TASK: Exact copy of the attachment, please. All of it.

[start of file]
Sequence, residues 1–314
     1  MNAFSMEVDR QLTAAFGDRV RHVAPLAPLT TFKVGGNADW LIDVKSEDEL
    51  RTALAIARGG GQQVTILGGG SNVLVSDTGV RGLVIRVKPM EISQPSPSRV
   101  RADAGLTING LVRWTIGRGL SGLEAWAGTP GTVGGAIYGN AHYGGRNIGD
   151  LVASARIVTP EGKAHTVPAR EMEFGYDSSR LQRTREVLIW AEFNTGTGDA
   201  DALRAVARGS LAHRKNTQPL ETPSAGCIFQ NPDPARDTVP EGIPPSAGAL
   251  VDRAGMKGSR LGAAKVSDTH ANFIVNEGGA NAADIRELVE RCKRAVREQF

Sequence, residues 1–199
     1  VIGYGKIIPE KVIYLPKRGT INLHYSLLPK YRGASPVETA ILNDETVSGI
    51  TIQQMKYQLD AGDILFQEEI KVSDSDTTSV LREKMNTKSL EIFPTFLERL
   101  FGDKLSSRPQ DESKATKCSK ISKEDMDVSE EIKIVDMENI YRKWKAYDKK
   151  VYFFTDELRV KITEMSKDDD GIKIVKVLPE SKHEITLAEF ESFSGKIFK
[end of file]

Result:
Sequence, residues 1–314
     1  MNAFSMEVDR QLTAAFGDRV RHVAPLAPLT TFKVGGNADW LIDVKSEDEL
    51  RTALAIARGG GQQVTILGGG SNVLVSDTGV RGLVIRVKPM EISQPSPSRV
   101  RADAGLTING LVRWTIGRGL SGLEAWAGTP GTVGGAIYGN AHYGGRNIGD
   151  LVASARIVTP EGKAHTVPAR EMEFGYDSSR LQRTREVLIW AEFNTGTGDA
   201  DALRAVARGS LAHRKNTQPL ETPSAGCIFQ NPDPARDTVP EGIPPSAGAL
   251  VDRAGMKGSR LGAAKVSDTH ANFIVNEGGA NAADIRELVE RCKRAVREQF

Sequence, residues 1–199
     1  VIGYGKIIPE KVIYLPKRGT INLHYSLLPK YRGASPVETA ILNDETVSGI
    51  TIQQMKYQLD AGDILFQEEI KVSDSDTTSV LREKMNTKSL EIFPTFLERL
   101  FGDKLSSRPQ DESKATKCSK ISKEDMDVSE EIKIVDMENI YRKWKAYDKK
   151  VYFFTDELRV KITEMSKDDD GIKIVKVLPE SKHEITLAEF ESFSGKIFK